In the years that I spent racing collegiately, there was one school, a rare cycling varsity program, that drove to races all over the midwest conference in a greyhound bus. Their bikes went below, they had racks to hang their bikes from outside the bus, a tent to provide shelter from the elements while warming up. Our racing season started in late February, and even when it started in Kentucky, it was still cold every weekend, frequently rainy, and always a threat of even more inclement winter weather. Whilst we huddled around cars or crammed into back seats, contorting our bodies around bags of clothing and food, we looked over at laughing figures inside the warm bus with envy and feelings a bit darker than that. All the non-varsity riders in the conference called the bus the Death Star and Marian's riders - who won most races - were the evil empire. Every weekend we plotted how to foil the plans of the seemingly unstoppable forces in blue.
When I think about Sky in this year's Tour de France, I cannot help but think back to those frigid springs and our attempts to overcome the stranglehold of a superior team. The British outfit comes into this year's Tour with the hands down favorite Chris Froome, who has won four of the five stage races he started this season. In the other - a cold, wet, and treacherous Tirreno - Adriatico that was poorly suited for his favored style of racing - he finished second. Froome's number one lieutenant, Richie Porte, is in his own right a podium threat. The Team Sky bus is loaded with amenities that skyrocket its value over that of other teams' transportation. If this were a playground, we would call Sky and their tactics bullies. Now, we just call it oppressive racing. When an opponent is so powerful, it is difficult to meet them on in full force, to beat them at their own game. Instead, you must undercut them, trick them, put them off balance. This is what teams of other contenders will be trying to do to Sky this year. But how can they, with this year's route?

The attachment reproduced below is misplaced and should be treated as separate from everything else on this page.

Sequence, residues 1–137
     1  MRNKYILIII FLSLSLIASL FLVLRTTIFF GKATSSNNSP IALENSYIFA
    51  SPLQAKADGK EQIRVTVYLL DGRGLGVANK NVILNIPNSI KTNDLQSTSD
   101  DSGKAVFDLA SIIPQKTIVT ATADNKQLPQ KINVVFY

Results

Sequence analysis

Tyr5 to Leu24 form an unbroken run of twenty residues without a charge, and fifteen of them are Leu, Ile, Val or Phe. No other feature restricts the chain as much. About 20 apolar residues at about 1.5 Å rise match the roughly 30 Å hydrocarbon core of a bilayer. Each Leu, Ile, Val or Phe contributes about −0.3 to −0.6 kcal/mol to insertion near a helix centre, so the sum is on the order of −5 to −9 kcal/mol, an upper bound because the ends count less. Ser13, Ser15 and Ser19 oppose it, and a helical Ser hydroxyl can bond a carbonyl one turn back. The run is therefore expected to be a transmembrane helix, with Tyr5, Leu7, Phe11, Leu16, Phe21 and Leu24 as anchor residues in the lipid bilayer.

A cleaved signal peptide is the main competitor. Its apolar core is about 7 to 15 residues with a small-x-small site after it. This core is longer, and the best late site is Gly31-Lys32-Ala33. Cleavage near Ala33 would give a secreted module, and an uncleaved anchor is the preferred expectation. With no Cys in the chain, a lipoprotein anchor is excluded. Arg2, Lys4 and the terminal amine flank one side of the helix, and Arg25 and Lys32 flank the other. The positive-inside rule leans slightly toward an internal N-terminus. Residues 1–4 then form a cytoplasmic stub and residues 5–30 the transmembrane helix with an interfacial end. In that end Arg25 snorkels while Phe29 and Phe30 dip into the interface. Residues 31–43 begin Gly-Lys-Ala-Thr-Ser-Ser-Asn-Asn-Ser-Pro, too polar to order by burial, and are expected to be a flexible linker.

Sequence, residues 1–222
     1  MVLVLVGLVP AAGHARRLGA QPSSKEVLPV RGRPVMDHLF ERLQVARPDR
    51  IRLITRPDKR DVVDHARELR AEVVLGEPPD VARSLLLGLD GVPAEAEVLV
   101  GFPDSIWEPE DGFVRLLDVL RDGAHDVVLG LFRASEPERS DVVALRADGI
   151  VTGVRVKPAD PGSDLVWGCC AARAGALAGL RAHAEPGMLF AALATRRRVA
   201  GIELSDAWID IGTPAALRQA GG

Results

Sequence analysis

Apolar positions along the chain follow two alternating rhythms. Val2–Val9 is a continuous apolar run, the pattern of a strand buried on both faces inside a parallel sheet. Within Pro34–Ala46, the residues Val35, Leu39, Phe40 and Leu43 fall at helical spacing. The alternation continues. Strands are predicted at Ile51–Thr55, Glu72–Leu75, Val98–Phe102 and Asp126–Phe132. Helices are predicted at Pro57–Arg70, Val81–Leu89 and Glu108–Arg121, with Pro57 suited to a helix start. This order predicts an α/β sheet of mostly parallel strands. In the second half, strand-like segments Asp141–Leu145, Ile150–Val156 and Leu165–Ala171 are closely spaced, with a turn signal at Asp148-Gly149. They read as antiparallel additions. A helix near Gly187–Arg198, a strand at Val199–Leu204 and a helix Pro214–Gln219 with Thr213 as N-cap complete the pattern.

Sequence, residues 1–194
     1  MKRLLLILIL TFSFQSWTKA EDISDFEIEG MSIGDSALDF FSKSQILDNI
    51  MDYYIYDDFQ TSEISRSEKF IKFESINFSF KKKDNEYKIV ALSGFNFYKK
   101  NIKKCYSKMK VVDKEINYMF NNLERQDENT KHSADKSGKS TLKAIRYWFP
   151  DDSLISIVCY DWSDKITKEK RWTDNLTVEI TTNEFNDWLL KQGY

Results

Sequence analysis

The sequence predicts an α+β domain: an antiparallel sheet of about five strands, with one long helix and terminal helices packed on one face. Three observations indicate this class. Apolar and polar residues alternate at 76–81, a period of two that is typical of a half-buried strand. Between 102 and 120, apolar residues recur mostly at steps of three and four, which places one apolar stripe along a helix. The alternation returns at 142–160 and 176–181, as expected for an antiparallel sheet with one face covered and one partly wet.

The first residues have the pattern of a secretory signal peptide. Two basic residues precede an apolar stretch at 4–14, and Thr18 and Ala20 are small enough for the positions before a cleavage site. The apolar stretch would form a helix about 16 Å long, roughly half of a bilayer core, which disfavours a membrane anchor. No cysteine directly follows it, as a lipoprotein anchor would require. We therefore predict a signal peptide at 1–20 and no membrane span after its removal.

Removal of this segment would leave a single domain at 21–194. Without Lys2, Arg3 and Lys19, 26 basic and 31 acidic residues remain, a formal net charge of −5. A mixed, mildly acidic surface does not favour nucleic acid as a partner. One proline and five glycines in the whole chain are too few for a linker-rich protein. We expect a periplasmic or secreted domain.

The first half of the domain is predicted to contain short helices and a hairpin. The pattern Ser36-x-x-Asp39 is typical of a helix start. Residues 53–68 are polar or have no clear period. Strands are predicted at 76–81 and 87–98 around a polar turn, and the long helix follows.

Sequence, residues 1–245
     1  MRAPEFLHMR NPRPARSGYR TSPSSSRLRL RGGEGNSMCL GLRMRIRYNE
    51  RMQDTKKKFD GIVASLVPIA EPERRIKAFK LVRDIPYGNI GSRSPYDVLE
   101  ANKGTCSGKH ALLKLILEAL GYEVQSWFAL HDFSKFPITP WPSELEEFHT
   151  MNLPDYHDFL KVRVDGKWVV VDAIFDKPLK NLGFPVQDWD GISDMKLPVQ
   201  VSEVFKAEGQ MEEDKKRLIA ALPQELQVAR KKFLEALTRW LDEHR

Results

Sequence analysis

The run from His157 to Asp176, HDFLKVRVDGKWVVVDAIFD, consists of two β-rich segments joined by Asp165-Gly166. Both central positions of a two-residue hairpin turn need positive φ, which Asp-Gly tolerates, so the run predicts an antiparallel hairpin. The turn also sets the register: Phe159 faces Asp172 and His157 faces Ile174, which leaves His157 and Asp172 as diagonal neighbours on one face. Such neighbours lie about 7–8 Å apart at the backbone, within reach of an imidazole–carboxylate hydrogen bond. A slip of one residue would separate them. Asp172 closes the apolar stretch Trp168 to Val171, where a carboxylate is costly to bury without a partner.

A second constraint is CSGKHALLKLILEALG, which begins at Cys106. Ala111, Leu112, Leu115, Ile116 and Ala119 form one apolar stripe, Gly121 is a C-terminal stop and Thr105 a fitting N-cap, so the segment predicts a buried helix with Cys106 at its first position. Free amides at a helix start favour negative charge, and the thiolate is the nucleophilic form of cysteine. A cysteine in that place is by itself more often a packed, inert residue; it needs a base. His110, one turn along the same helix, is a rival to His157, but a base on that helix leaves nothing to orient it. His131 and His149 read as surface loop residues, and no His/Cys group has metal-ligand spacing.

We can start by looking at what Sky does well, which is to control racing. In Bradley Wiggins' Tour campaign last year, Sky was always on the front going into the major climbs. As the markers on the side of the road ticked down towards the final kilometer of a climb, it was not uncommon for Wiggins' lieutenants to almost equal the numbers of podium contenders in the lead group. In Froome's four wins this year, the strategy has been the same - put a stranglehold on racing by riding at the tipping point of what efforts are and are not sustainable. Yes, there were attacks, but they were usually drawn back into the fold five or ten minutes later. Cadel Evans and Vincenzo Nibali both tried bold moves more than one climb from the finish, but Sky's workers predictably drew them back into the fold in a controlled manner.
The wide roads of France lend themselves easily to this strategy, which explains Sky's success in the Criterium Dauphiné, Paris-Nice, and the Tour of Oman. In Italy, though, the roads twist and turn and are much narrower, making control of the peloton harder to achieve. Froome's campaign to win Tirreno - Adriatico in March fell apart on perhaps the hardest day to control, a lengthy march through incessant rain over sharp climbs and twisty descents. Here is where Vincenzo Nibali came into his element, distancing Froome and gaining enough time to win the overall despite Froome's seemingly superior strength both up hills and in the time trial.